A new review by Sebastian Fortino has been published in the South Florida Gay News.
The writing is sensitive. Michael does not “come out,” as we would know the term today. Instead, by realizing his sexuality, finding someone to build a life with, and later becoming aware of and a part of the struggle for civil rights—the National Voting Rights Act of 1965 is an underlying theme—he comes to accept himself and realizes he should have the same rights as everyone else.
Openshaw writes in a particularly beautiful passage: “He was totally immersed in the rapturous moments that led, for the first time, to a feeling of ease with his developing sexuality. Lying in bed, exhausted and naked, when he should have felt most vulnerable, he felt completely accepted and at peace.”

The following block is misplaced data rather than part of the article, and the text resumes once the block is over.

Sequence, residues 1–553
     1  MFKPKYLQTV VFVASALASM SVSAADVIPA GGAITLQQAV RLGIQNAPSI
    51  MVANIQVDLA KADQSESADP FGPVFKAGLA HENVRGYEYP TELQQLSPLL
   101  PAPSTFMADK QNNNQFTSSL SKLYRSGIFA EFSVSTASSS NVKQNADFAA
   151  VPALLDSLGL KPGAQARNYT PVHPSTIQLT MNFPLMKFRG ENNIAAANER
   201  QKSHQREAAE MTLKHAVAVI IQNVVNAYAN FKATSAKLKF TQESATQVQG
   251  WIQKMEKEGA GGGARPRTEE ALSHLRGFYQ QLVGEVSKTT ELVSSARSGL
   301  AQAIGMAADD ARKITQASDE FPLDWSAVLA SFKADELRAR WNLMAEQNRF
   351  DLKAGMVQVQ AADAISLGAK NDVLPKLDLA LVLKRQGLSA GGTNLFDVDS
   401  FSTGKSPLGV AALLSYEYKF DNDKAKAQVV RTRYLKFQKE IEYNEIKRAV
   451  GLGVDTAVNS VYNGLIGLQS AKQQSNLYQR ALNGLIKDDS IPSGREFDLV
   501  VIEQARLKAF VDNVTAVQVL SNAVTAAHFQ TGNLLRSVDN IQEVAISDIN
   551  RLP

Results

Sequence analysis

The review also notes the historical aspect of the book.
The historical aspect of the novel coincides with a groundbreaking—however dated by today’s standards—1965 series of articles that appeared in the Washington Post by Jean M. White. They open by saying that bringing up the topic of homosexuality in “polite society or public print” in 1965 would not have been possible in 1960.
Read the entire review here.